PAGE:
Name: Tim Rusterholtz
Interviewed by: Kevin Brandon (11/29/16)
Hi Tim, thanks for agreeing to do a member spotlight. Could you introduce yourself to the group? How did you end up in Philadelphia and when did you start running? Did a specific event compel you to become a runner?
I moved to Philadelphia 7 years ago to get my Master’s degree in sculpture at Tyler School of Art. I’ve been running my entire life and competed in Track/XC at Virginia Commonwealth University as a middle-distance specialist from 2005-2009, back when they were a part of the CAA. Since graduating I fell in love with the roads and have been training for longer racing.
I was compelled to become a runner after blowing the doors off my cocky classmates in 3rd-grade gym class during our mile run fitness test. The epic feeling of testing physical limits and surpassing expectation was an addicting feeling that continues to direct my motivations today.
Once you became involved in the sport, what sort of trajectory did your running career take? Could you walk us through day one to today?
Throughout school, I was always the soccer player who ran track in the spring. I raced the mile up until college before moving down to the 800m. I didn’t quite have the endurance to hang with D1 milers, but I did have some 400m speed to try and compensate. I spent my time at VCU living with numerous international athletes from all over the globe. It was a house of broken English and determined runners, focused on the task at hand to stay in school. Running was our point of connection despite disparate cultures and upbringings. Throughout my running career, I am searching primarily to connect with people willing to experience our unique form of painful meditation. I don’t quite have the wheels I used to, but getting out for a run will always be liberating.
Can you share a favorite race memory or general moment in running?
I have had numerous racing experiences where I surpassed my expectations, but the most powerful moments for me happen while on training runs involving random encounters. In high school, I can remember racing a bulldozer about a mile up a steep hill one early morning. In college, I went to Kenya and experienced training runs in Ngong with over 100 athletes at altitude through muddy mountain trails. In Philadelphia, while running by a narrow alleyway, I’ve was punched in the face by a young woman wearing boxing gloves. General moments of random adventure keep me moving.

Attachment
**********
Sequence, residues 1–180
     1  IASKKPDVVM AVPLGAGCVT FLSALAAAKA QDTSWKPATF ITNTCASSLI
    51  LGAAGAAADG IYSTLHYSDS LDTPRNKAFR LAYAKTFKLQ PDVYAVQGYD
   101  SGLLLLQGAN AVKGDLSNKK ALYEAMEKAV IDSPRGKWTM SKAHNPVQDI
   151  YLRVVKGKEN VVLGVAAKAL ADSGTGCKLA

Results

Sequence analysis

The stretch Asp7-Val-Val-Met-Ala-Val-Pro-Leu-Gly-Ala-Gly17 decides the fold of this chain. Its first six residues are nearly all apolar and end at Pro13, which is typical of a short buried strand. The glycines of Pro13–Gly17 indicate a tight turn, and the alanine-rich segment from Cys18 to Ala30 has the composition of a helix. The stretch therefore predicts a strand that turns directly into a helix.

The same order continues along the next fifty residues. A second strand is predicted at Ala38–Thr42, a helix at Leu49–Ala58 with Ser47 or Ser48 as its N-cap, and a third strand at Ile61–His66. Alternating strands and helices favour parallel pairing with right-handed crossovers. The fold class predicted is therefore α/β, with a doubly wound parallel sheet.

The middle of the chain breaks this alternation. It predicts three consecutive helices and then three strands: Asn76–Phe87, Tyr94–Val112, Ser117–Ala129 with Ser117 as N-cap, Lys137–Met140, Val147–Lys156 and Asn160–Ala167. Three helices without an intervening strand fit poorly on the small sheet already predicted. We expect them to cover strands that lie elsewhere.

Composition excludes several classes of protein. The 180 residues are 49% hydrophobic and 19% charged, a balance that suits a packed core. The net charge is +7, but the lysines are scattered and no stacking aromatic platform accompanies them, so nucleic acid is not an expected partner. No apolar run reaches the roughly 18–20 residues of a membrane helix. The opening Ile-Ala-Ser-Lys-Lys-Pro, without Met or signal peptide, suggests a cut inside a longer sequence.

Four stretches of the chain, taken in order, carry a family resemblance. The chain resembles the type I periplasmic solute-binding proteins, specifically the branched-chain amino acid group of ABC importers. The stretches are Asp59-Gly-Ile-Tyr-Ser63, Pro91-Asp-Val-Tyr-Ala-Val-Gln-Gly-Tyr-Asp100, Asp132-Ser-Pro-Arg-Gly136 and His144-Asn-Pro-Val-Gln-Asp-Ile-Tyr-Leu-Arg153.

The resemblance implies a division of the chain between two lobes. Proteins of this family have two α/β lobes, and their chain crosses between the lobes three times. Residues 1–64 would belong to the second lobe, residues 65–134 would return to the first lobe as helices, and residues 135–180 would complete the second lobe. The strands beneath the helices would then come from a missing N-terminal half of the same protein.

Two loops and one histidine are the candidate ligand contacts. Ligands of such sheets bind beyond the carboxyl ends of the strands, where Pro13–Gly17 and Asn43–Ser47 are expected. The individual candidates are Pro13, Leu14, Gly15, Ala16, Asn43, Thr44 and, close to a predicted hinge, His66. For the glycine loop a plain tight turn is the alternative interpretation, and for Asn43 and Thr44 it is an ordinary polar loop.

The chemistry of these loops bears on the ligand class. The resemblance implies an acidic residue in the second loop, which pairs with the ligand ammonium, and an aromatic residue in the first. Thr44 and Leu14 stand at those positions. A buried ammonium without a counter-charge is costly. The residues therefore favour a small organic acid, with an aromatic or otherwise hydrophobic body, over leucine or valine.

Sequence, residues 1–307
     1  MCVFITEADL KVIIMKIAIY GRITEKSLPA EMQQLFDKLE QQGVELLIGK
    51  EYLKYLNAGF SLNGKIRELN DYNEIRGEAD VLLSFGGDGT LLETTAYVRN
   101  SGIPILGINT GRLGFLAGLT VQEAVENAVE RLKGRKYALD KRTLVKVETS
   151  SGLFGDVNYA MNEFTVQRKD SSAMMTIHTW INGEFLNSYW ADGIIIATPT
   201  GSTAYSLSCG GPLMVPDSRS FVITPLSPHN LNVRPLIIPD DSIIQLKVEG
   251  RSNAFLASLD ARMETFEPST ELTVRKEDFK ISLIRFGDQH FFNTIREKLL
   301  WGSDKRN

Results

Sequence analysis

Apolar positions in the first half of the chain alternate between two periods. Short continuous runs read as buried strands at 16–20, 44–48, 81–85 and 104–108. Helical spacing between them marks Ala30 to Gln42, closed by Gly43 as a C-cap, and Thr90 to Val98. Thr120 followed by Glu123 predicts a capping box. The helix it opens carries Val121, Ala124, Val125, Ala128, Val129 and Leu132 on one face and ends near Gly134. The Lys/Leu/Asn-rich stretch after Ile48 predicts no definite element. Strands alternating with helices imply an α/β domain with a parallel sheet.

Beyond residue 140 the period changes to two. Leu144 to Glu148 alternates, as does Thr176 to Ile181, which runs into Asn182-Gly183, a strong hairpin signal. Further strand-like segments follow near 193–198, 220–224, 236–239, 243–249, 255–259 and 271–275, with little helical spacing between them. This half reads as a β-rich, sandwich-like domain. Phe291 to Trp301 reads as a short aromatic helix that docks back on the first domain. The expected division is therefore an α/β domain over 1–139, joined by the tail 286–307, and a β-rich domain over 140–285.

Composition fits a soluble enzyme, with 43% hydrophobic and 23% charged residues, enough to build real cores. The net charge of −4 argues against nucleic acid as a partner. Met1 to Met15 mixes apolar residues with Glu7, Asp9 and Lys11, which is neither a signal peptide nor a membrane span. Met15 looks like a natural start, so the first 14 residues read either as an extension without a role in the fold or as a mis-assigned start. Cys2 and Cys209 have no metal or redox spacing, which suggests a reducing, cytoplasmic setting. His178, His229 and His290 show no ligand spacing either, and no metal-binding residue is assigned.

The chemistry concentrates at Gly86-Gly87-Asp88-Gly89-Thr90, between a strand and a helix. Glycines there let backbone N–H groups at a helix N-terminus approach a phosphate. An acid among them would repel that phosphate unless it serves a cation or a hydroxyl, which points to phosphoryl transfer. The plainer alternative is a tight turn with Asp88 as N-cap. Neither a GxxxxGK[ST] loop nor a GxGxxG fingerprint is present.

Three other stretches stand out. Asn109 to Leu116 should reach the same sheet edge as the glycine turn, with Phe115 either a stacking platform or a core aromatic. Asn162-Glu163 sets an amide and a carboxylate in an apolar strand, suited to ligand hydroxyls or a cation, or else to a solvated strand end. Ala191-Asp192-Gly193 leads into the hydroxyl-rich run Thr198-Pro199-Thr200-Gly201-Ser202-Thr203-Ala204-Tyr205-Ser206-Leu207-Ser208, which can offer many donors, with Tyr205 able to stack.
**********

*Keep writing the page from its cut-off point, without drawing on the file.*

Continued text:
How about a not so great moment?
My worst running experience was also one of my greatest. I ran the 2014 Boston marathon on zero fitness. The atmosphere was filled with redemption and Boston pride following the previous year’s attack. Hearing the roar of the crowd along with the generous downhill start, I decided to just go after it and see what happened. I made it just over halfway before my quads blew up, followed by a long painful walk home. Despite the horrible race tactics and fitness levels, I couldn’t help but smile during the excruciating 10-mile crawl to the finish line. The city crowd and race experience represented something larger than my own race ambitions and were truly inspiring.
Regarding your running future, what sort of goals do you have (near and long-term)?
I’ve lost a bit of my competitive edge recently, however, I would like to get my marathon PR as low into the 2:30’s as possible. I have been taking a small break from training this fall after a series of hamstring issues. My main goal is to get healthy and feel good. I will probably get back in the spring for the Broad Street 10 Miler followed by a marathon late next year.
Can you tell us a bit about your professional life / What was it that drew you into that field of work? For those of us not so familiar with sculpture/fabrication, what is it you aspire to achieve in the field? Is there anywhere we could go to check out your work (website)?
Currently, I teach sculpture courses at Temple University, while also managing a small art fabrication business focused on custom design services. These processes range from fine woodworking and metal working, mold-making, to digital production. I also make and exhibit my own sculptures throughout Philadelphia and New York. I aspire towards this work to establish a degree of autonomy and flexibility in my career life. Making sculpture allows me to work on a variety of projects for a range of people and ideas that are ever changing. You can check out some of my projects on social media or through my website www.timrusterholz.com .
What else might the group be interested to learn? Aside from running, do you have any other special skills/talents or hobbies/interests?
Whiskey — Beer — or both…